If you're thinking of making a move from your home to a new city in a foreign country, then there's a lot you need to prepare yourself for beforehand. You can't just decide on a whim you want to live in Italy or France or South Africa or start up a business in a new country. It's not like you can just call up your Realtor and ask them to show you a few houses. It doesn't work like that. There's a lot of research and preparation that goes into moving to a new country, be it for personal or business reasons. You have to familiarize yourself with the language, the culture, and the currency, just to name a few.
One thing that you need to prepare yourself for and have knowledge in is applying for an overseas mortgage. If you have any experience from dealing with local mortgages with your sales agent, you'll know that they're not the easiest things in the world to understand. There are a variety of mortgages to choose from and they all depend on the type of property you want a mortgage to cover and, most importantly, your financial situation. That's why we've written this article. To help you prepare you when it comes to an overseas mortgage application.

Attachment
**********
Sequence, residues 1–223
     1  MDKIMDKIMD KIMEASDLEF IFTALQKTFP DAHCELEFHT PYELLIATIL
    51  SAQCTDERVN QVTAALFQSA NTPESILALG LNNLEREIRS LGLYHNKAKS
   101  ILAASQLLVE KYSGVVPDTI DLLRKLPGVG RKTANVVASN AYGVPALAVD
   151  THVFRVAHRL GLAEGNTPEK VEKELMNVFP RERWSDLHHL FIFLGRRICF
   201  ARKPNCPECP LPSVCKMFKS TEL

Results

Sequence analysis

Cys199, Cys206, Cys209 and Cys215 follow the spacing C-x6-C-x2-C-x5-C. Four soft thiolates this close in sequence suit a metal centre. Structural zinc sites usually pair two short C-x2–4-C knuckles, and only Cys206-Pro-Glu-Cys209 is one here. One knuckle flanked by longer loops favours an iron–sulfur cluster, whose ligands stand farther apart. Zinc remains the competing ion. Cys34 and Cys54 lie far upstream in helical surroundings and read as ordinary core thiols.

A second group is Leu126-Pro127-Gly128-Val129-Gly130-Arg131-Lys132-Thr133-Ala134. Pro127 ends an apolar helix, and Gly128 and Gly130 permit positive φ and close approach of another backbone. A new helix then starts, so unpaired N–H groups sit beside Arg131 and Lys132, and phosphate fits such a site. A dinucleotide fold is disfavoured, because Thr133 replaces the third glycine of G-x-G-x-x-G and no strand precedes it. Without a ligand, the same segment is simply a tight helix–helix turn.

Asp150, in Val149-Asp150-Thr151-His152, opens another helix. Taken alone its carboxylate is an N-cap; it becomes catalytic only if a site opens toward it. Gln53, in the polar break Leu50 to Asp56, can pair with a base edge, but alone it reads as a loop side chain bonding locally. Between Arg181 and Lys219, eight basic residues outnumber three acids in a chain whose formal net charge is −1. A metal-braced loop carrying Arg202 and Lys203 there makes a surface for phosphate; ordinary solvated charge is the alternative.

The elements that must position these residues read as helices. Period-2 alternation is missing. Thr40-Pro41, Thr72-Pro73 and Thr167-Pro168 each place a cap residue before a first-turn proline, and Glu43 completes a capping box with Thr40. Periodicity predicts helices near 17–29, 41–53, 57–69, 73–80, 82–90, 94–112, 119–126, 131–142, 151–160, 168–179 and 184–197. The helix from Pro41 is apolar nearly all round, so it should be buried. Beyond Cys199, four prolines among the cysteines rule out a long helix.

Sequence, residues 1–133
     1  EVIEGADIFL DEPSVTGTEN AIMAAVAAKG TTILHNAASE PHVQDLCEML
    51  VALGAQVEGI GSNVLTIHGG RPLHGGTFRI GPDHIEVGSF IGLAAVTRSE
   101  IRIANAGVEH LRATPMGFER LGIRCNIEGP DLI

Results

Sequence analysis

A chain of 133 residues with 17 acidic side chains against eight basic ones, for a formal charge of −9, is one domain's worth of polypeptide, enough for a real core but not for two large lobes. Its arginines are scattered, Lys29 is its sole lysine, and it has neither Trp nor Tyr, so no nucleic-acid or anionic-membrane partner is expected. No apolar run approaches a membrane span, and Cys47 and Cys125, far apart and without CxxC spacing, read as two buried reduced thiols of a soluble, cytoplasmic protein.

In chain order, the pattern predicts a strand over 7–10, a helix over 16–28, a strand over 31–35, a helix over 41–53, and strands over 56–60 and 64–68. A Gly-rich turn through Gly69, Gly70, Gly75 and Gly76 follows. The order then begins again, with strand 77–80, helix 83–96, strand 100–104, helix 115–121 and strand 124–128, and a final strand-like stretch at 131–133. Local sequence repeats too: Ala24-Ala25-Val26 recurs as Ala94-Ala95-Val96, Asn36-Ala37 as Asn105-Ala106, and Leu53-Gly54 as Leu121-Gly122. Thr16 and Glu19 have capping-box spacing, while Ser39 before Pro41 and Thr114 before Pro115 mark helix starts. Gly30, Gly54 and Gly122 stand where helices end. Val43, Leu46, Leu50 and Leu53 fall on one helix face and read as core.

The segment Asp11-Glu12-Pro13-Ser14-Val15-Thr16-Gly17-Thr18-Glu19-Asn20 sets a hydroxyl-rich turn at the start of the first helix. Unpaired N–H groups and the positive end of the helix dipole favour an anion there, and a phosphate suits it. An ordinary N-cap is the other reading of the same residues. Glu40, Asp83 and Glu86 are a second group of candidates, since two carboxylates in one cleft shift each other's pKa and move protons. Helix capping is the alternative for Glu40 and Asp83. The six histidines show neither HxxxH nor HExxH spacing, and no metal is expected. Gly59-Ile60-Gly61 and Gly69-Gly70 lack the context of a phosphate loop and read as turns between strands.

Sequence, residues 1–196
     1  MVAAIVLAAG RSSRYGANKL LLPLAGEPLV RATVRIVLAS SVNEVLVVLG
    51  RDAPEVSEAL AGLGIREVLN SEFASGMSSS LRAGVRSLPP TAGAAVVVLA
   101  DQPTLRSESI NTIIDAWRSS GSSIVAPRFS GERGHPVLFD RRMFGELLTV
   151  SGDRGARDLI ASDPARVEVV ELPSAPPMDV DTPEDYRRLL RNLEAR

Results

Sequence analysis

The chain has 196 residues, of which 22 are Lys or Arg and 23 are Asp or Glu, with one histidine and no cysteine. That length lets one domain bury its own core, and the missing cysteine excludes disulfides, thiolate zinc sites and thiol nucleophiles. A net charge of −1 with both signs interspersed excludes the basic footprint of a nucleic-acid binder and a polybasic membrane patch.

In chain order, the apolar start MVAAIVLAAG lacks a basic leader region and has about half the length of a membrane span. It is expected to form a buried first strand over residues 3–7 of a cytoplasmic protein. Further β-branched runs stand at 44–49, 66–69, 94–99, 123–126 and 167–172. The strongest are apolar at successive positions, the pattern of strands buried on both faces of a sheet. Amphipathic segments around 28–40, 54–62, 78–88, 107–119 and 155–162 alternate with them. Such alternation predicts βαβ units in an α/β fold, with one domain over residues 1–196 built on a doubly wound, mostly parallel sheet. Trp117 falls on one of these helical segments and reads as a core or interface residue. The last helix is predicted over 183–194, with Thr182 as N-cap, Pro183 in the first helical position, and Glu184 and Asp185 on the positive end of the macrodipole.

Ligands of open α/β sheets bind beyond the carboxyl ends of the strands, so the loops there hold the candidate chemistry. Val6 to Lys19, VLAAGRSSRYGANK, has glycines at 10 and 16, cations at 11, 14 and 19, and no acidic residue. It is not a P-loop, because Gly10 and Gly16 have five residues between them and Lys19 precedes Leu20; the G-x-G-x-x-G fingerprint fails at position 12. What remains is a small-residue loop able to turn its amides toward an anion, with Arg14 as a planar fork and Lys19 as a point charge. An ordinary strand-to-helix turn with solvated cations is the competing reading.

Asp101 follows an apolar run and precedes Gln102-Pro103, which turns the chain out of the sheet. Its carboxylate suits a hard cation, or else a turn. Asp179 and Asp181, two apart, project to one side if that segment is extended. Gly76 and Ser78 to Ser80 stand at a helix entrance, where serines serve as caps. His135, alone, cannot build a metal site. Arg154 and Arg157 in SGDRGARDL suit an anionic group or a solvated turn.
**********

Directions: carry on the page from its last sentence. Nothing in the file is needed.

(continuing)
Moving to an international city is hard enough. We've already mentioned some of the things you need to acclimate yourself to once your real estate transaction has been finalized. Overseas mortgages can be tricky if you go in to the process cold turkey. What you need to figure out first is how you will be paying for your new overseas property. If you plan on using assets from your home country as security, you should be fine. Most likely than not, you're going to have to make some sort of financial arrangement with a bank in the country you are buying your new residential or commercial property in.
Once you figure that out, you can start looking at types of mortgages that best suit you. Depending on the country you are going to be moving to, some mortgage options you have include buy-to-let, self-certification, interest only, 100% lending and credit. Not all countries provide such options, though. Which is why you should try to be in contact with a financial institution in the country you are moving to and see what mortgage options they provide you with.
Also, be prepared to go through a lengthy screening process. These financial institutions don't just give their money to anyone. They need to know everything there is to know about you and your finances. So make sure you have all the required documents ready. Good luck with your home sale and big international move!